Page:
As the time for Apple's contract renewal negotiations with record labels grows near, Apple CEO Steve Jobs has told Reuters that Apple is unlikely to offer a subscription-based music "renting" model on its iTunes Store. This model has been adopted by the likes of Napster, which collects a monthly fee and gives users access to as many songs as they want. However, users must continue paying the subscription in order to have access to their music. According to Jobs, customers "don't seem to be interested" in that particular model because "people want to own their music." He goes on to say that the subscription model "has failed so far," although he doesn't rule out Apple's adoption of that model entirely—"Never say never," he adds.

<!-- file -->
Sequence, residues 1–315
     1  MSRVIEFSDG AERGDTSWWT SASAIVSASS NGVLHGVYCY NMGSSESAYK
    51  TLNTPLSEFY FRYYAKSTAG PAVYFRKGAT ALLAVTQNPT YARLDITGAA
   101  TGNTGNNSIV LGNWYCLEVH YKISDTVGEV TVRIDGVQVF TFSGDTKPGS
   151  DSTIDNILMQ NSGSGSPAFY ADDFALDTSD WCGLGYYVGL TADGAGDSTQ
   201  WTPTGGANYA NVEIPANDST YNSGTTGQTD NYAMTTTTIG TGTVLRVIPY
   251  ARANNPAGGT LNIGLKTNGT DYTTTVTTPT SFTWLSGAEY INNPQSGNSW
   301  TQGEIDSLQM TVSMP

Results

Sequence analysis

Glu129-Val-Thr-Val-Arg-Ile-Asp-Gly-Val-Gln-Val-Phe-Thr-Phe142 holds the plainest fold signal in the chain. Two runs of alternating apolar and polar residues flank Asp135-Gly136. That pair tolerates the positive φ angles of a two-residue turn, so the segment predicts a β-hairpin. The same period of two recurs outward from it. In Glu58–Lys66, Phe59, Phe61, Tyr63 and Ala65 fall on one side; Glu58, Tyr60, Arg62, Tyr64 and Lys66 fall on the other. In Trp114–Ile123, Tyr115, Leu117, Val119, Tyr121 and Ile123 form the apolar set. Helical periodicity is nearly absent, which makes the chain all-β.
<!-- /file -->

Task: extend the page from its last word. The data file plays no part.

Instead of pushing for a different sales model, analysts believe Jobs will pressure the world's three yet-unconverted major record labels—Universal, Sony BMG, and Warner—to offer music with no digital rights management protection. "We've said by the end of this year, over half of the songs we offer on iTunes we believe will be in DRM-free versions. . . . I think we're going to achieve that," says Jobs.
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